Gone Girl opens with protagonist Nick Dunne (Ben Affleck) looking at the back of his wife Amy Dunne’s (Rosamund Pike) head, telling the audience that he imagines “cracking her lovely skull, unspooling her brains.” This rather unsettling start immediately sets the tone for the harrowing ride that we are about to embark on. When it came time to adapt Gillian Flynn’s 2012 novel of the same name, there was only one man for the job: David Fincher. No one else taps into the dark unsettling nature of humanity quite like Fincher does. With Flynn also writing the screenplay, it’s a rare case of a novel’s author adapting a film to the screen the way that they really want.
Things get tricky for Nick Dunne after he returns home one day and finds his house in shambles, and his wife missing. Detective Rhonda Boney (Kim Dickens) and Officer Jim Gilpin (Patrick Fugit, all grown up from Almost Famous) arrive to the scene of the crime, and instantly sense that something isn’t right. Gilpin’s suspicions immediately point to Dunne, while the crafty Boney senses that something deeper is at work. Nick turns to his twin sister Margo (Carrie Coon – on a hot streak from The Leftovers) who is there for him, but even she is somewhat hesitant to rule out that Nick had nothing to do with the sudden vanishing of his wife.
Although I didn’t read the novel, I’m aware that Flynn kept the same style of storytelling in her screenplay. The present is told through Nick, and the past is shown via flashbacks narrated in journal entry style format from Amy. Amy provides us with the highs of their first meet and honeymoon years, when they were both New York writers, in love and full of life. But after barely surviving the recession, Nick moves the couple back to his hometown of North Carthage, Missouri, in order take care of his mother, who is dying from stage 4 breast cancer. This is where their relationship begins a rocky descent that ties into the mysterious present.
It’s a movie that is hard to review, as you have to be careful in what you say without spoiling anything. Fincher provides no clear cut answer as to what is really going on, keeping you on your toes until the very end of its 150 minute runtime. You have to decide for yourself whether to believe Nick, who doesn’t make things easy for himself, behaving oddly throughout press conferences, displaying an awkward smile for a photo when he should be weeping (Affleck nails that pivotal scene).
It’s a cold nasty film, presented in a very Fincher manner. This is largely accredited to Jeff Cronenweth, Fincher’s longtime director of photography, who shoots the picture in the murky mysterious style that it deserves. Then there’s the unsurprisingly great (and fitting) score provided by the unstoppable team that is Trent Reznor and Atticus Ross. They capture the mood and atmosphere of the film and then some, creating the pulse of the film that it would be lost without.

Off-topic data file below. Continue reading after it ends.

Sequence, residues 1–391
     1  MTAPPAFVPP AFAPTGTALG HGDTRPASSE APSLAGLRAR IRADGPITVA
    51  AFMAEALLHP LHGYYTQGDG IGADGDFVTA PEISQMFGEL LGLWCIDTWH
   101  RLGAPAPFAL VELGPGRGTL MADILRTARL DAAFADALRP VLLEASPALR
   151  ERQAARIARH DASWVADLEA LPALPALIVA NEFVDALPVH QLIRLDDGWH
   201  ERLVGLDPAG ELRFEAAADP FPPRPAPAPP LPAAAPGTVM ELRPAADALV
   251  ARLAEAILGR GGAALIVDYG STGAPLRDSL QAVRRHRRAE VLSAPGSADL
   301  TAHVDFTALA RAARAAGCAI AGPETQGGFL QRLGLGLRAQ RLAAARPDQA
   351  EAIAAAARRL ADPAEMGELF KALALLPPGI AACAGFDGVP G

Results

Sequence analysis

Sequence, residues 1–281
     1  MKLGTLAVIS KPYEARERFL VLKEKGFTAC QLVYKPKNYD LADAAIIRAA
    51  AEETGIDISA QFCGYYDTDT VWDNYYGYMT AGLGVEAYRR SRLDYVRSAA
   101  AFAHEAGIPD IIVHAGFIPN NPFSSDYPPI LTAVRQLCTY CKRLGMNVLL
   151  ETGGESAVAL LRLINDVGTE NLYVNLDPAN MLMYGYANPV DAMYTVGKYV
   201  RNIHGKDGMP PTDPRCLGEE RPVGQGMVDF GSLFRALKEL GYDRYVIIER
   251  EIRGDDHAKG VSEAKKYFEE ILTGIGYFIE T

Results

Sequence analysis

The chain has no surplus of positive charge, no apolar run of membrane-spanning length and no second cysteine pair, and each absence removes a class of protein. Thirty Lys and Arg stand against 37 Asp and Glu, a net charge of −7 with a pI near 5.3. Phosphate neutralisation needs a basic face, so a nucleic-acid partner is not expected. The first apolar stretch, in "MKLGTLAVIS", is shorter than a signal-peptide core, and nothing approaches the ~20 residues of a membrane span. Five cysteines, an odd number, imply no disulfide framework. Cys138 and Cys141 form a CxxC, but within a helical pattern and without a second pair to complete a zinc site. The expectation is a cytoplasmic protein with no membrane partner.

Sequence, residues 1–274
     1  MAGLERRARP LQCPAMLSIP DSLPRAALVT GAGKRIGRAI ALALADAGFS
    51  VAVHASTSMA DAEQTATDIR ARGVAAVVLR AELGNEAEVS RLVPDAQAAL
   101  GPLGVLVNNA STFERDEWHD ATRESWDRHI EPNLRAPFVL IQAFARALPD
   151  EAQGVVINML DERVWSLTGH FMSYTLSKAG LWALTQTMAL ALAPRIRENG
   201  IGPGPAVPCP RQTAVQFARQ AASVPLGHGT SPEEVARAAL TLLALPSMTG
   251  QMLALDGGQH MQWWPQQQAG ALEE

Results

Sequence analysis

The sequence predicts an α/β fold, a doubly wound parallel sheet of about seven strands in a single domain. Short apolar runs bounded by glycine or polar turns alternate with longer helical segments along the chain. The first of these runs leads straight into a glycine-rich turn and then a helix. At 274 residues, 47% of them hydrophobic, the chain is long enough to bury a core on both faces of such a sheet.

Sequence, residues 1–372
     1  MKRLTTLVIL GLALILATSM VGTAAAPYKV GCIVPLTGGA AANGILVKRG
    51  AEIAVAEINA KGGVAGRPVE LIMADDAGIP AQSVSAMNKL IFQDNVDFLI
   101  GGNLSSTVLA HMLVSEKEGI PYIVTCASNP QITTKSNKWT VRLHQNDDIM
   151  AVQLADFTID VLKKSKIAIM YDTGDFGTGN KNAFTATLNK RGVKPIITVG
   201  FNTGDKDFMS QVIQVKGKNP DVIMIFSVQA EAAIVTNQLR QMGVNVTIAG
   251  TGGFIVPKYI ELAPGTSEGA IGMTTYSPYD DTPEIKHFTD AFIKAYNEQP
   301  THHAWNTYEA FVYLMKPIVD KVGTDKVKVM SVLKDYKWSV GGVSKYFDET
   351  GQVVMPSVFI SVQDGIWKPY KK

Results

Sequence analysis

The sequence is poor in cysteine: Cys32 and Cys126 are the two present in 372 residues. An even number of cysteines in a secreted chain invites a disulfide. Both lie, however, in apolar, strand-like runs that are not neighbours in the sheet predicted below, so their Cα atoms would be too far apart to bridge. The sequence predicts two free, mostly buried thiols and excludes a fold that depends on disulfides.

This is surely one of the best performances of Affleck’s career, surely as of late. He’s perfect in the role, capturing all of the subtleties that are required of Nick. He’s likable, but also somewhat slimy enough where his face isn’t enough to put any doubts of “did he do it” down completely. He’s great, but it’s the performance of Rosamund Pike that left me stunned. She’s haunting in her role, nailing every scene with a devastating presence that won’t be forgotten anytime soon. Everyone is expertly cast in the roles, from Neil Patrick Harris as Amy’s old flame Desi Collings, to the previously mentioned Coon, Dickens, and Fugit. But it’s the straight performance from Tyler Perry, who is surprisingly good as the confident hotshot defense attorney Tanner Bolt. You have to see it to believe it, but Perry proved that he has some actual acting chops when he’s actually given something of quality to perform with.
Sitting in the dark as the credits rolled, I thought the film was good, but initially wasn’t totally blown away. I thought there were some elements that were a bit too ridiculous for my liking (a climatic scene of brutal violence left me straight up shocked – something that rarely happens). But as I sat on it last night, and earlier today, I realized that they were all crucial elements at play in the messed up world that is portrayed by Flynn and Fincher. It’s unsettling and batshit crazy in all the right ways. It taps into commentary on many very relevant items, such as social media, the influence of the media, as well as the perils of marriage, and the lengths that two former lovers will go to save a marriage, as well as tear it to shreds.
Gone Girl is the sort of film that will stick with you long after you leave the theater, never quite releasing you from its slimy grip. David Fincher, you’ve done it again.